Why You Need a Career Plan as a Designer
You would never think about winging it when it comes to your design projects. You’ve got a project schedule, a budget, hey, maybe even a Gantt chart for that!
But when it comes to having a plan to guide our careers, we creative problem solvers often just hope that the path will emerge, or someone will tell us what our career path should be.
It may be because you’re too busy doing the work to think about what you want your career path to look like. It might be because you believe that the answer is out there – or that our mentors and bosses will show us the next step.
But the truth is, if you don’t define a career plan for your creative career – you may end up doing work you hate, paid less than you deserve, and living your Plan B life.
Here are five reasons why you need a career plan—and why it will make your career more fulfilling as well.
1. When you have a career plan, you get to work on projects you love.
There are a million ways to be an architect, or a community engagement specialist, or a graphic designer, an urban planner, or a design strategist.
But which way is yours?
Do you love the front-end of a project when you’re applying human-centered design to a client challenge? Or do you like lovingly crafting the technical details that make something look amazing and function once it’s built?
Do you care about minority youth and their educational opportunities? Or are you passionate about immigrant populations’ business opportunities?
When you get clear on what you like doing—and what you care about—you can identify growth opportunities to do that.
If you’re passionate about better cross-disciplinary collaboration and want the urban planners and the designers in your office to work together better, you can write proposals to go after projects with other disciplines in your office.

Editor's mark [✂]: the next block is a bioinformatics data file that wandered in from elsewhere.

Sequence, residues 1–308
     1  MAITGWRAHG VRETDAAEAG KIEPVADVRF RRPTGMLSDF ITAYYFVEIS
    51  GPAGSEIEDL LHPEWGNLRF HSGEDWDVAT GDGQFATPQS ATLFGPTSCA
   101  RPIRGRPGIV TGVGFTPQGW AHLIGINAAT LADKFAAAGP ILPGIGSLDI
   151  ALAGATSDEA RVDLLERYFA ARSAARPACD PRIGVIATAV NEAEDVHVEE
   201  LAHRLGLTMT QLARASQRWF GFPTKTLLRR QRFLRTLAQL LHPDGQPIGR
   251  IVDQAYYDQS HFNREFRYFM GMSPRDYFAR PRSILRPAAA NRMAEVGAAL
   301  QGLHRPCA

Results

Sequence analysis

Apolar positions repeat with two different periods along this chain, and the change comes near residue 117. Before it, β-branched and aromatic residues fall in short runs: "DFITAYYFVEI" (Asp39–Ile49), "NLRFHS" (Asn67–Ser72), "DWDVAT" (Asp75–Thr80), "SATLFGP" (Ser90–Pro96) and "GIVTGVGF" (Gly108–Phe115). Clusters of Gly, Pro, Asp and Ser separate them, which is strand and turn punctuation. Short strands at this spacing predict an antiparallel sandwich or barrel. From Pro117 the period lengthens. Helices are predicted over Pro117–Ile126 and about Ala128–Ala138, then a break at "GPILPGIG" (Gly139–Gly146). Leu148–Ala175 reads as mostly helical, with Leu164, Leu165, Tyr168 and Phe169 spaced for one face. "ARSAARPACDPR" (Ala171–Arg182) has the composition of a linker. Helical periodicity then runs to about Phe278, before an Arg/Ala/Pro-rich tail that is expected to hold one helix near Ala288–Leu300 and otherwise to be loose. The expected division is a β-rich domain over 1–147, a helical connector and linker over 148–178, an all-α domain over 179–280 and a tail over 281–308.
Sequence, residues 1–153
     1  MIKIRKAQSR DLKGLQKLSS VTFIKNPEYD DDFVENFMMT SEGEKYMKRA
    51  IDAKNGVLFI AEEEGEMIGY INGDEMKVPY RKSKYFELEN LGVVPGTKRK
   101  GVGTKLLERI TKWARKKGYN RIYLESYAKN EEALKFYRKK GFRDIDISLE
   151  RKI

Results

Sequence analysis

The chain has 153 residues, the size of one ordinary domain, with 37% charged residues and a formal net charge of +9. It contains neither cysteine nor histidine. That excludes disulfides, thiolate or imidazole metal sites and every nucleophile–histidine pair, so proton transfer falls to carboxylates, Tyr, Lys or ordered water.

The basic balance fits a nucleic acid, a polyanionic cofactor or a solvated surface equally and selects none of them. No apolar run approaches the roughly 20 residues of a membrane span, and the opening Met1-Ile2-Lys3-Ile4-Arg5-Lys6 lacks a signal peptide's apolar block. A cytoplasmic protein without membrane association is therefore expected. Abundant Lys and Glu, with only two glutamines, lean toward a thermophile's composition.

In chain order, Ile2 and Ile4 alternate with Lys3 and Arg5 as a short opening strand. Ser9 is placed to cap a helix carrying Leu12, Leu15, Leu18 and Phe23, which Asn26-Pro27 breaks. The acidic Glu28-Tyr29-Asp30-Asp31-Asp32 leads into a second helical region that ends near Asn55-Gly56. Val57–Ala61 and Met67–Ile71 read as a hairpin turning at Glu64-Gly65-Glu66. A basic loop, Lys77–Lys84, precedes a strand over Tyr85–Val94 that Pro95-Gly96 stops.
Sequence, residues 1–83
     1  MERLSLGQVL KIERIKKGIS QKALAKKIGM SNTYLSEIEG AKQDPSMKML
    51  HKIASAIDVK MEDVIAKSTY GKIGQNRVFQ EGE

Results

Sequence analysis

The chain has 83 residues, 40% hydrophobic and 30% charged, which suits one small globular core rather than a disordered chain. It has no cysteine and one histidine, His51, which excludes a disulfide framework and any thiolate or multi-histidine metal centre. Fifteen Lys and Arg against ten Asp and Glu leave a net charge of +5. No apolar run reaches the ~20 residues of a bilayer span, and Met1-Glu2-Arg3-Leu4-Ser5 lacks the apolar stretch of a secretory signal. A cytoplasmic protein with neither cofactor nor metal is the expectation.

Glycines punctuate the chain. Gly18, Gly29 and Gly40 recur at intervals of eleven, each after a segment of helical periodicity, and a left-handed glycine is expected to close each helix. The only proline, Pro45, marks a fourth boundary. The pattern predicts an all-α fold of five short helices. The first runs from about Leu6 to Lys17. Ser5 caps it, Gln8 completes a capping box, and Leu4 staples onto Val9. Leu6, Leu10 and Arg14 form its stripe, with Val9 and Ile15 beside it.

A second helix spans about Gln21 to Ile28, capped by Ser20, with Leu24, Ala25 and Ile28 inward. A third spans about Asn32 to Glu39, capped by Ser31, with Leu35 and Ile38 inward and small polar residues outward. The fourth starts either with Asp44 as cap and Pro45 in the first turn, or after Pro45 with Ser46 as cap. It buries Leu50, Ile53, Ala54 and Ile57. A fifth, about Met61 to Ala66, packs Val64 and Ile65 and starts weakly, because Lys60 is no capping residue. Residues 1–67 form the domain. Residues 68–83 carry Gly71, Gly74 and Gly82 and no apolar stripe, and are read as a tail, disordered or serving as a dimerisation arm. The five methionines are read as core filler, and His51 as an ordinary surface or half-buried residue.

Care about work-life balance and supporting working parents? Join the committee at your office to create better parental leave policies and flexibility.
When you know what you’d like to work on, you:
- Can ask to be staffed on the projects that interest you and be able to give specific guidance about what those projects are
- Can identify—and even create—growth opportunities at work that align with your values and interests.
One of my clients, Jennifer McGrory, realized that what she most loved in her day-to-day work was coordinating and collaborating with clients and consultants. She identified a leadership role in which she could do more of this – as a principal in her Corporate Interiors group, and shared her goal with her manager. Today she is a senior associate, meeting with potential clients, and coordinating with others to put together client proposals
2. When you have a career plan, you don't have to wait to get recognized at work.
When you know what you want in your career, you bring more purpose and direction into what you do. And with that clearer intention, you naturally bring more initiative to your work and ideas to the table.
This approach, proposing ideas rather than waiting to be told what to do, gets you noticed at work. When you speak up more at meetings about how you might convince the client to invest in a sustainability feature that you know is good for their project and the planet, people begin to look to you for leadership on advocating for sustainable design.
If you know that you want to grow into leading on operational efficiency—and you’re constantly sharing ideas of how you made your projects more efficient and profitable— people begin to look to you for solutions on how they can make their projects more profitable.
You begin to be recognized for your expertise.
People start to say things like, “Oh, ask Trina about that.” Your name will be mentioned when you’re not in the room.
And it can happen not only in your company, but in your industry and beyond. My friend and collaborator, Tamara Roy, an architect and principal at Stantec lived in Europe during grad school and became passionate about small-scale living. As she grew in her career she pushed for it on projects, oriented her board service in her industry group around it, and even started a research group in her company that built a real-scale example of a micro-home to show how livable small scale living truly could be.
Not only did Tamara attract client work, but she was even named “the mother of micro housing” by the Boston Globe.
3. When you have a career plan, you can work less and achieve more.